Mum’s the word

Me with my lovely Mum, for whom I am thankful for *not* telling me that my feet will get a whole shoe size bigger and other weird pregnancy related disorders.

It’s becoming a bit of a tradition in this family that Mother’s Day is always ruined one way or another. Last year my husband went out the night before and got so drunk he vomited all over the bathroom floor waking me up in the process. My one request of a lie in was obviously not met and to add insult to injury he took me to Nandos for lunch. I have never felt more humiliated in my entire life. Yesterday my 4 and 3 quarter year old (she’s so pleased she can now say that) came out from school with a bunch of daffs and a home-made card. ‘Open it Mummy read it NOW’ she protested, so I did the obligatory ‘Wow yes its beautiful darling thank you so much’ then I read the inside.

It’s not exactly ‘Thank you for being the best Mummy in the world’ but at least she is aware that the laundry fairy doesn’t do all the washing and ironing, unlike her father.

This year he is in the Philippines on a 9 day business trip, so I’m invading my poor Mother who lives by the sea, for some home comforts and the small chance of a lie-in. There are so many things that she has taught me, especially about being a mother, which I am thankful for. But there are certain things that just aren’t spoken about, because if they were, no one would give birth and the human race would die out, probably.

As a midwife when I was looking after women in labour, I would nod sympathetically as their contractions took hold of them, reassuring them of the pain they were experiencing ‘you can do this, this is normal labour’. But really I had no idea what that pain felt like, I hadn’t had babies then, in fact I had never experienced pain like it. But once the little two lines appeared on the stick and confirmed my first pregnancy, all these weird and wonderful things started happening to me both mentally and physically; which I really didn’t remember learning about during my midwifery lectures. To be honest if I knew half of these things were going to happen to me I probably wouldn’t have ever become a mother. (Sorry to those who haven’t given birth yet, it’s not that bad really). *pours another glass of wine*

  • In the first 3 months of pregnancy you are so constipated, that small bump is mainly full of poo. And no amount of prunes, apricots and Bran flakes will shift it. Things normally start ‘moving’ on by week 14.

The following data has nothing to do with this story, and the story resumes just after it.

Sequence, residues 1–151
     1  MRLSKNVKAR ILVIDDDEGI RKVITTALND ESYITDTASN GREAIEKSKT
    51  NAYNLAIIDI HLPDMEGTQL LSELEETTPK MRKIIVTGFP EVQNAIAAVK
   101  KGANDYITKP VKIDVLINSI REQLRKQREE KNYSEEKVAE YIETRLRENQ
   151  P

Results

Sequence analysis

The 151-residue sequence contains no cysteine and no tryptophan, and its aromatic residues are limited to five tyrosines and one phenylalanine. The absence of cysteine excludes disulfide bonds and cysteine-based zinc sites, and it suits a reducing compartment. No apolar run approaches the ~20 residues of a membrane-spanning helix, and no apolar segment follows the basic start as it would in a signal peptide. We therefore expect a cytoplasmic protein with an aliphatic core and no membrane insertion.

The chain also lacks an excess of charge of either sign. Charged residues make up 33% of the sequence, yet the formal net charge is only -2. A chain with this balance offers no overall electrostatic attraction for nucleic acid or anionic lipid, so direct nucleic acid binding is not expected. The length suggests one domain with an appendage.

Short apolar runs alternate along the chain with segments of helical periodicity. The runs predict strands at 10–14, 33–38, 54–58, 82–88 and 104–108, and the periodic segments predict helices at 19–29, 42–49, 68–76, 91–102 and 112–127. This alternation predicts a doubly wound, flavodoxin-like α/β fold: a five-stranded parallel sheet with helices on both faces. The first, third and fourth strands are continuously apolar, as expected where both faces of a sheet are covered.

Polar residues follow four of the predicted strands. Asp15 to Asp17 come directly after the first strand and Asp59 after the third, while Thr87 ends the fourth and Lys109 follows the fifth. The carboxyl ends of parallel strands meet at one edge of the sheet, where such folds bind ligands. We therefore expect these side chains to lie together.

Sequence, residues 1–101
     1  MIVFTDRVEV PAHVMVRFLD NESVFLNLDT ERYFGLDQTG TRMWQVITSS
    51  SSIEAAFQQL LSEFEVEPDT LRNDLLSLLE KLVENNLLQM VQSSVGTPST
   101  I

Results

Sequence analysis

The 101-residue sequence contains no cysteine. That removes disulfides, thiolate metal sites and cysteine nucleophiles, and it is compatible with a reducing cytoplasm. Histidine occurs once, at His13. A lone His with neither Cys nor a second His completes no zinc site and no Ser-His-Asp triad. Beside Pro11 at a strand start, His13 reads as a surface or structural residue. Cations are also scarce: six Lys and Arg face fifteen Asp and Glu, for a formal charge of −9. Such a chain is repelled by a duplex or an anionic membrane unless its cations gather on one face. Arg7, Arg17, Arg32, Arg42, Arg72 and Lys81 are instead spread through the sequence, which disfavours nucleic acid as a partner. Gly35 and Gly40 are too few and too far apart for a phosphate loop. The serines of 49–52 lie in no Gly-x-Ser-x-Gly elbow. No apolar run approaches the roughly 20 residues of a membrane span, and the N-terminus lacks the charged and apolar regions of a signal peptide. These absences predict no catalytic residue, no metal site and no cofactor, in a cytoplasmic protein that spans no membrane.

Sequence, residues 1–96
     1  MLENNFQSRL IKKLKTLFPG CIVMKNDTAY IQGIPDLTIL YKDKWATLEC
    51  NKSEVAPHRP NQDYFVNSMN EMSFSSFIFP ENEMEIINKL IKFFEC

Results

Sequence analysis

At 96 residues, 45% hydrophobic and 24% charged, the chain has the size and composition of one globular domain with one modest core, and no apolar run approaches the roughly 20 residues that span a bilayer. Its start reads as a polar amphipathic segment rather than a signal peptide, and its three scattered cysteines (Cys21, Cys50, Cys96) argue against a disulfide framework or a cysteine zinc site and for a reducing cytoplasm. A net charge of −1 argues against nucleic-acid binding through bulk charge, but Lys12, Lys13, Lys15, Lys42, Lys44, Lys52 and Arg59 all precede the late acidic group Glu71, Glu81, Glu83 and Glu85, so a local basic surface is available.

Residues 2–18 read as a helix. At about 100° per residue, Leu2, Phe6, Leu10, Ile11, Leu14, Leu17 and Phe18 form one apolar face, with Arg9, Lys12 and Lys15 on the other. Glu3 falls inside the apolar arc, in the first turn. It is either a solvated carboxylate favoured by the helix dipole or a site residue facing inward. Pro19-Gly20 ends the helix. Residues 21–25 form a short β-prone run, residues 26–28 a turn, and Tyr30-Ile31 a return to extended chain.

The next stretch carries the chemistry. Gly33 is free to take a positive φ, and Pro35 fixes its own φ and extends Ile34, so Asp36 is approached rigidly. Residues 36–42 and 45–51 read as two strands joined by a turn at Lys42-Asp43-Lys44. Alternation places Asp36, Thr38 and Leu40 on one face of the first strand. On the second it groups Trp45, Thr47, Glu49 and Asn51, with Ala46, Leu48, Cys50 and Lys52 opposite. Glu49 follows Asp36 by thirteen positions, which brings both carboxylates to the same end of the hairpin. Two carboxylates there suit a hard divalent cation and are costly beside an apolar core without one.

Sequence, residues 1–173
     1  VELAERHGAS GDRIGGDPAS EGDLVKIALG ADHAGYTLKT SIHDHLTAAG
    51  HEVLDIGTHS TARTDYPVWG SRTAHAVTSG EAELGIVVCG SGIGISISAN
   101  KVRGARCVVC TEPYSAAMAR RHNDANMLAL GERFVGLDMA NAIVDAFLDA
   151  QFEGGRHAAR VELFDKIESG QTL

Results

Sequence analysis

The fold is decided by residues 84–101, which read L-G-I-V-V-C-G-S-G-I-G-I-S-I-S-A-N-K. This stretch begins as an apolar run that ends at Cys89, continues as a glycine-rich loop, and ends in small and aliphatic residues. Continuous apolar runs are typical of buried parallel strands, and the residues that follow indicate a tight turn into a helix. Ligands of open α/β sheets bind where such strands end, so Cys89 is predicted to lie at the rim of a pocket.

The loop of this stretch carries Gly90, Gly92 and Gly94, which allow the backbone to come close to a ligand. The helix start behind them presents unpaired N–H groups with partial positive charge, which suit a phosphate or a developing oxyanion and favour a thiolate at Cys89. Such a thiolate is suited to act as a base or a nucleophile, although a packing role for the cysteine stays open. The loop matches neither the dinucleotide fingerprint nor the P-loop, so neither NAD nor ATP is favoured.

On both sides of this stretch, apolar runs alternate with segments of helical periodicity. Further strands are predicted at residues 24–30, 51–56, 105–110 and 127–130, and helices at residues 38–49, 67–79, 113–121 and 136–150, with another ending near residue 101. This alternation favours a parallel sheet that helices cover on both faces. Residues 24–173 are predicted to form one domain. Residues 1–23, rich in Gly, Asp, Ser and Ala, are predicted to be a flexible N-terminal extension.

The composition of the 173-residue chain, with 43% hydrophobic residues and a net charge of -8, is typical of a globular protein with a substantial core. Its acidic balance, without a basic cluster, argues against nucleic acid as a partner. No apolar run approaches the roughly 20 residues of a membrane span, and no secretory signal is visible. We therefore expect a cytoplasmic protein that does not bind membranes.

• Don’t attempt to look at your nether regions as your due date lingers. In fact best to lock the bathroom door when you shower, your partner has enough shocks to cope with in the weeks to come. Let’s just say your labia swells to something unrecognizable but don’t worry it does return to its normal state post birth.
  • You think when you’re pregnant and writing your birth plan that your dignity matters. It really doesn’t and to be honest you really don’t care who sees you starkers with your bum in the air mooing like a cow. I had both my babies in the hospital where I work, and I can still look the Consultant in the eye who broke my waters.
  • Night sweats, not just any sort of sweat. I’m talking about needing to sleep on a towel, changing your pyjamas, using a rag to mop and dry yourself during those first few weeks after your baby is born. It’s unbelievable how hormones can be responsible for pretty much everything.
  • Nappy brain actually exists. I once introduced my daughter as my little boy to the Health Visitor at the baby clinic – the baby was naked on the weighing scales at the time.
  • Hair loss. Oh my God this was so annoying (which resulted in me having a fringe). I felt smug with my thick luscious hair which grew during pregnancy but by the time my baby was 10 weeks old it all started to fall out. Mainly around the front of my hair-line but there was hair everywhere, even in my daughter’s nappy.
  • Nothing fills you with more joy then putting on your trackie bums, tucking into a box of chocolates and feeling sorry for anyone having to go out on a Friday night. That is unless, it’s your husband’s first night out since the baby was born and he stumbles in at 2 am and vomits all over the bathroom floor.